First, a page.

New Delhi: The decision to bring in FDI in aviation got a rather lukewarm response. While cash strapped Kingfisher airlines welcome it and their morale is up for now, several foreign players were more circumspect.
But the big question who will invest in Indian carriers with struggling finances? Sources at Kingfisher airlines tell CNN-IBN that talks with either Qatar or Etihad airlines will now resume. Kingfisher reported losses of over Rs 2,000 crores. Sun group-run Spicejet is in talks with Emirates, one of the largest foreign airlines to operate out of India, confirm sources in the airline, but Emirates is not willing to confirm for now.
President, Emirates Airlines Tim Clark said, “We are looking, we are very interested in civil aviation in India but we are not getting involved in investment with some of their carriers.”
European carriers like Lufthansa and British airways also view Indian market with a lot of promise. The passenger traffic has been growing at a very healthy double digit rate and according to Boeing could be the largest in the world in 20 years. Government support to Air India could be a stumbling block.
CEO, British Airways Willie Walsh said, “As long as the Indian government continues to provide support for Air India, it distorts the market, it distorts competition, it creates uneven playing field and I can't see how many airlines would be interested in investing while the market continues to be like that.”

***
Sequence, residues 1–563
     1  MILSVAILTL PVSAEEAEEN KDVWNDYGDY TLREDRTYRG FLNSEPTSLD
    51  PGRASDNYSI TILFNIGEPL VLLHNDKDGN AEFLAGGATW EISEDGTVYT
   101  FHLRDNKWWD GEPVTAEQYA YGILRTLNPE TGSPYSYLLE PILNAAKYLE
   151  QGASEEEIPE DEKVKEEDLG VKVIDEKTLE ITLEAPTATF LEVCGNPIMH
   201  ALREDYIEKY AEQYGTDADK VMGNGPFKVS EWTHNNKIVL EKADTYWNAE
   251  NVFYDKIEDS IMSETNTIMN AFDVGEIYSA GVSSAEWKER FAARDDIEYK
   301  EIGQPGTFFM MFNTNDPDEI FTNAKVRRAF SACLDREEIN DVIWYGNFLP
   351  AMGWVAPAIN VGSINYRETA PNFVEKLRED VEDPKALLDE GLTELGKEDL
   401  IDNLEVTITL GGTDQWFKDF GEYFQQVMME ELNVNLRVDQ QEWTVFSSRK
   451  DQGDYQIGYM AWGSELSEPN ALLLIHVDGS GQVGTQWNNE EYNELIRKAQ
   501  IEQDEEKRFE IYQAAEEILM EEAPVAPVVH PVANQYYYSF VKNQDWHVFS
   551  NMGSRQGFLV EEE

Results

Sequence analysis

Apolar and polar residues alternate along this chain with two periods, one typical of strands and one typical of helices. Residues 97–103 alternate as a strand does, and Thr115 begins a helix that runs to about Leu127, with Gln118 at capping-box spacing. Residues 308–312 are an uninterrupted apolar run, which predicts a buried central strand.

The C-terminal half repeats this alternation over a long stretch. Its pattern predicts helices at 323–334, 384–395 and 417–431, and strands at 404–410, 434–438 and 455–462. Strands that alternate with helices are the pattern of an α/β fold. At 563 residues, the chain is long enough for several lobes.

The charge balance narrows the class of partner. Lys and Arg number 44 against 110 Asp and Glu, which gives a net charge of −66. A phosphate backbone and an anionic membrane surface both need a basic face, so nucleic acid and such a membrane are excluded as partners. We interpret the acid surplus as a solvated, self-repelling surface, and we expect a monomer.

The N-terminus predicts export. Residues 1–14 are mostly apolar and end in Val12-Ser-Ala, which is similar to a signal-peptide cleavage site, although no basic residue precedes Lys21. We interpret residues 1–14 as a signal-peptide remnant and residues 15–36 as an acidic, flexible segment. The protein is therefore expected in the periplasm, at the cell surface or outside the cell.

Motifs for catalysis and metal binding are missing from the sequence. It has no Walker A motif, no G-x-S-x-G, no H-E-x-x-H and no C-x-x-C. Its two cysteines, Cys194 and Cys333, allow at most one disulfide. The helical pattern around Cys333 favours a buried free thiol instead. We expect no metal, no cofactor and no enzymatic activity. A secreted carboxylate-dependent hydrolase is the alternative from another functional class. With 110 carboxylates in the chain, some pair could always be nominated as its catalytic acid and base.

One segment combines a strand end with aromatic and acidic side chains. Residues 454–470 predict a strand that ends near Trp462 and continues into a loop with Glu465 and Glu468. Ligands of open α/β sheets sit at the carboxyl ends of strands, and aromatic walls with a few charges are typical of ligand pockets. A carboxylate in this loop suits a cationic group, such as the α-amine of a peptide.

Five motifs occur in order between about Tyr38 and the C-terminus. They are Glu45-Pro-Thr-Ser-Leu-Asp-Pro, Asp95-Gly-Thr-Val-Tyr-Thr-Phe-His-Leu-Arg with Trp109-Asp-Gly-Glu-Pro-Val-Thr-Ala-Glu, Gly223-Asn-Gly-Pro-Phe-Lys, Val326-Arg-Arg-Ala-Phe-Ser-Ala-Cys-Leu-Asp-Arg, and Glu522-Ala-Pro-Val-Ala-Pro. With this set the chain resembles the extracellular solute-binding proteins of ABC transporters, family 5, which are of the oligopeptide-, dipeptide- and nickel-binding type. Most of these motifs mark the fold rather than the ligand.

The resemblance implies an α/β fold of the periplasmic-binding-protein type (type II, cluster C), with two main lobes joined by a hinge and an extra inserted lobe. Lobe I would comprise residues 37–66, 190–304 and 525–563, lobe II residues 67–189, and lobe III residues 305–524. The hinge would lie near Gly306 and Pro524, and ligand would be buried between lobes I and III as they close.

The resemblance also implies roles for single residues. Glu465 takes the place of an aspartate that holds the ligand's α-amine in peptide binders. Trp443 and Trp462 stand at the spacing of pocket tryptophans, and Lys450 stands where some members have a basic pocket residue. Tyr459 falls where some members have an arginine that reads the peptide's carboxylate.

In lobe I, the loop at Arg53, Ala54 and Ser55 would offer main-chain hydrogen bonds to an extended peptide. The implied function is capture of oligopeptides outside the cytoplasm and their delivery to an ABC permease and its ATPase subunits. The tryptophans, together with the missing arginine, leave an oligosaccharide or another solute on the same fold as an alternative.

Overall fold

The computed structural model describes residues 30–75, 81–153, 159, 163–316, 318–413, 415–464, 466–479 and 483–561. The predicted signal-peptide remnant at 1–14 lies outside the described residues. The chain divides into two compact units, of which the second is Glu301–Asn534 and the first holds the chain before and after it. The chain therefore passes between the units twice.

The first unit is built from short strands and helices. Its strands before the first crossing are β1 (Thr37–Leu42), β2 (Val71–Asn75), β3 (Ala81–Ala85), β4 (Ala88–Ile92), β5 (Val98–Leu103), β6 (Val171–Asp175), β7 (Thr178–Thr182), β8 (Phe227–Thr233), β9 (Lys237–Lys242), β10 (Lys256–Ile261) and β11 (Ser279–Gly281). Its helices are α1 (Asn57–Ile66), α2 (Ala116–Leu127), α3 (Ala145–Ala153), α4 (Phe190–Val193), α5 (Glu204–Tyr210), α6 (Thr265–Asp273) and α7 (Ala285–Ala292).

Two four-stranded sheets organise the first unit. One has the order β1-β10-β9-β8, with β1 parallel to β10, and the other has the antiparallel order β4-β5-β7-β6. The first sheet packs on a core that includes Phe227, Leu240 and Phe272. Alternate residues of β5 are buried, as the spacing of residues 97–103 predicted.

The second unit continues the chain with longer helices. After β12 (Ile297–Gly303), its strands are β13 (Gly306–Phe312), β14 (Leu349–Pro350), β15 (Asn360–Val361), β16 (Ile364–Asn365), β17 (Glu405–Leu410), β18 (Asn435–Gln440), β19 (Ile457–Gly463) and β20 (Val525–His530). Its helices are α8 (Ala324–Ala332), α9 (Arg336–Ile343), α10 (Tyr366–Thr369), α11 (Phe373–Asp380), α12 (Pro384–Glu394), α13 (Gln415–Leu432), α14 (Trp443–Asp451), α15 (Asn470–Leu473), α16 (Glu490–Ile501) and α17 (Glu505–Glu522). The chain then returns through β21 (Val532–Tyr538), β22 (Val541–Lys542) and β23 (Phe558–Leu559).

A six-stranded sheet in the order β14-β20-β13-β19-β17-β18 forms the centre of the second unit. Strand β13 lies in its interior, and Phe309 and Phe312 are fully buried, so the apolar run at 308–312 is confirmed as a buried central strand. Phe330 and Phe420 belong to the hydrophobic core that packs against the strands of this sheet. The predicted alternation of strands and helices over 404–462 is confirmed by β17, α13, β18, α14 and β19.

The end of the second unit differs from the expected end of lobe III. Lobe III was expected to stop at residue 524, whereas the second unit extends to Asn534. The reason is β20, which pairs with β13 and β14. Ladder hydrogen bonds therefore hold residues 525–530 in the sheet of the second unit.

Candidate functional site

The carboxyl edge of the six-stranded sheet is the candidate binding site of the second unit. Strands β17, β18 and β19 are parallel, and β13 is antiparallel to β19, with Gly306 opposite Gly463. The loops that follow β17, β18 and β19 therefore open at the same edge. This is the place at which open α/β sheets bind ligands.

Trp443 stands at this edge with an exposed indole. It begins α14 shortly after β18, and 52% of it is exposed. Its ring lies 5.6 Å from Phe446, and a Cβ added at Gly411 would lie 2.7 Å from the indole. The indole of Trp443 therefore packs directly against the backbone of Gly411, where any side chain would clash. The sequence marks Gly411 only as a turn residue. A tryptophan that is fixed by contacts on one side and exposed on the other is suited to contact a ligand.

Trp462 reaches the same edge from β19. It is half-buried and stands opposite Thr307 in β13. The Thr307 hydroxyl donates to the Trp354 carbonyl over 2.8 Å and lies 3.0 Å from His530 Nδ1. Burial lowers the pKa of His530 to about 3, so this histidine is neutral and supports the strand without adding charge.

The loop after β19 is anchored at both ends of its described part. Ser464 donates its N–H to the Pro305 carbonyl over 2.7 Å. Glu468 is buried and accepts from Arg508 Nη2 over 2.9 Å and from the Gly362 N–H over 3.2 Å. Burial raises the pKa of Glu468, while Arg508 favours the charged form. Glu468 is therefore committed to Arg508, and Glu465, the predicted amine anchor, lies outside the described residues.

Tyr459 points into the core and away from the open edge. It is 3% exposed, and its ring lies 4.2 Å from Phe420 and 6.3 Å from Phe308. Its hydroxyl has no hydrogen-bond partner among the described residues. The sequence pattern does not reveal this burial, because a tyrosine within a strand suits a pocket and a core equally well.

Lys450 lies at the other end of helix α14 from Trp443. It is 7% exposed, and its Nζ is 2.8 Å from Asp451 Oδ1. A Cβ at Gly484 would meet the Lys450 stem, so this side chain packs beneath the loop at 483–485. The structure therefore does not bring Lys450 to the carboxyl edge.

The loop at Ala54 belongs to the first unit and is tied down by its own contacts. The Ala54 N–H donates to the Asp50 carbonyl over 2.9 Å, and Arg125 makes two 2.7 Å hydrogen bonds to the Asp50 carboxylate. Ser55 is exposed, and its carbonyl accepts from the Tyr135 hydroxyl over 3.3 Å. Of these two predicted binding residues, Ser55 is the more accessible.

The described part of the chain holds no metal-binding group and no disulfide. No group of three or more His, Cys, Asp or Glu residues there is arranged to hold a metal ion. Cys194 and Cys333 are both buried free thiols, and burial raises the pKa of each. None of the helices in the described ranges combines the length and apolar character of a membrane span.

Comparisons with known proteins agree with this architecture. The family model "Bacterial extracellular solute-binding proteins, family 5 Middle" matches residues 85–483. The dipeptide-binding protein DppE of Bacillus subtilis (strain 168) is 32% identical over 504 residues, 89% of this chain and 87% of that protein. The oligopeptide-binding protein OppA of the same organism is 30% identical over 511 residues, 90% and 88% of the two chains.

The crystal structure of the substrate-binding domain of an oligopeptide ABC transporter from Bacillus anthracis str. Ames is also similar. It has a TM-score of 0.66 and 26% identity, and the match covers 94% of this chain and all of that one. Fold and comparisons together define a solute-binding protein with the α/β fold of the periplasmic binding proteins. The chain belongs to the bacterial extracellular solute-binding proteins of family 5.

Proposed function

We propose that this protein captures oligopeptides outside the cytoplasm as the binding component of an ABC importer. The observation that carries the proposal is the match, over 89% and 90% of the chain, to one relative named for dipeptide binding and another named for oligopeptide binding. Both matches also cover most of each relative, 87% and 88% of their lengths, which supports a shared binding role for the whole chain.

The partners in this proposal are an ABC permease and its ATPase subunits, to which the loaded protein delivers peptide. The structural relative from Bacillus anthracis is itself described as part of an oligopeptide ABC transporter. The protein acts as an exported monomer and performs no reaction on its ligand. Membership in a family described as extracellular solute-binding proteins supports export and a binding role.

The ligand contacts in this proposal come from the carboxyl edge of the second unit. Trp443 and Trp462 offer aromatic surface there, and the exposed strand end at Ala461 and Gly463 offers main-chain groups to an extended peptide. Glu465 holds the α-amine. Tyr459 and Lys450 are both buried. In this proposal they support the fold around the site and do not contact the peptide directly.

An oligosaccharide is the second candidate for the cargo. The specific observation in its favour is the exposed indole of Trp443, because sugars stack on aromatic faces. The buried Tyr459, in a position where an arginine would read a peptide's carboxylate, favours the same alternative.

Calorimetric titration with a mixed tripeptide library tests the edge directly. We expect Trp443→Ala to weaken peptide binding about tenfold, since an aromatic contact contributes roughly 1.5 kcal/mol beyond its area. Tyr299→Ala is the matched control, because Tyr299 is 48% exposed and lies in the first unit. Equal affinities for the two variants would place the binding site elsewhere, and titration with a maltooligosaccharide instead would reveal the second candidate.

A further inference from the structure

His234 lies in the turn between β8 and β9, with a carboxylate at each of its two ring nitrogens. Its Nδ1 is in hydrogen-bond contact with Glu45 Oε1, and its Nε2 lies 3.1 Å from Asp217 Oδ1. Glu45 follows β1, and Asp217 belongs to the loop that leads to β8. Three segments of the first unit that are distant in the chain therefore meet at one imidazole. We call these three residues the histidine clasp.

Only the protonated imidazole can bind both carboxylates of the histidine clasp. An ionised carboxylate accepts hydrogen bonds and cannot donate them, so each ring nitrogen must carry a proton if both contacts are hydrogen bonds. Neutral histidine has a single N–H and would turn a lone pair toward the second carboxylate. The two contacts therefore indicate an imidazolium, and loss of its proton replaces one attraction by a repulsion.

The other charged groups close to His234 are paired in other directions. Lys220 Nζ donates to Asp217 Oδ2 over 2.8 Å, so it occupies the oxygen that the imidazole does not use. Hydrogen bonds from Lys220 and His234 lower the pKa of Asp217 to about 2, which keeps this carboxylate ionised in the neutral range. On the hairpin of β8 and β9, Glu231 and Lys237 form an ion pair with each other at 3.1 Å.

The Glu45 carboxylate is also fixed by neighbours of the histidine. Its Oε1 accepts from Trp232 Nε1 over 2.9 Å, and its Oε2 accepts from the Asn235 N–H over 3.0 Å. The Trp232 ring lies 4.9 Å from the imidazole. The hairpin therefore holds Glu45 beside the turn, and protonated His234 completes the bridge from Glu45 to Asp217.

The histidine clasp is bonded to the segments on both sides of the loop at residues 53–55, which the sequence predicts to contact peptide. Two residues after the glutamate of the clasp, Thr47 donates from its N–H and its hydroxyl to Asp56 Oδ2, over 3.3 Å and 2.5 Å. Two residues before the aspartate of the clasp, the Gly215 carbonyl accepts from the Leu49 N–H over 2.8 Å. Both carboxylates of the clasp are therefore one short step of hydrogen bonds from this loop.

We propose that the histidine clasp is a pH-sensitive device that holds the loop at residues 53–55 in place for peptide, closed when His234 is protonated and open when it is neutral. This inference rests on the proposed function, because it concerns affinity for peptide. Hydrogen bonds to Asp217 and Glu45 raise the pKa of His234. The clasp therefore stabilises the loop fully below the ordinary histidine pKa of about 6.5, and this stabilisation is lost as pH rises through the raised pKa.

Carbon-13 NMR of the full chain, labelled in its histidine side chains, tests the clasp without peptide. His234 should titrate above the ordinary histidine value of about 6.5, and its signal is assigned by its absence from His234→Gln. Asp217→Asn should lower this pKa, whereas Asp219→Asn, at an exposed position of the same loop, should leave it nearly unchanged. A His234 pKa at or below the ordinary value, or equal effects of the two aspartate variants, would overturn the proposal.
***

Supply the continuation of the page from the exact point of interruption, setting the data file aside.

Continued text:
Domestic carriers like Indigo and Jet who have made the most of the fall of Kingfisher and Air India believe that the FDI decision will hamper growth of the airlines. So Industry experts believe that it's a sell out, but the Civil Aviation Minister Ajit Singh believes that there are enough safe guards.
“This will not be automatic through they have to get clearance from the ministry and FIPB. Also according to 1937 aircraft rules the 3/4th of the directors to be Indian and Chairman has to be Indian. India has to hold sustentative amount of investment in that airline,” Singh said.
The next few months will see hectic activity, if the investments do fall in passengers will gain the most with low fares and access to modern aircraft. But will Indian carriers be able to stand their ground and compete? Only time will tell.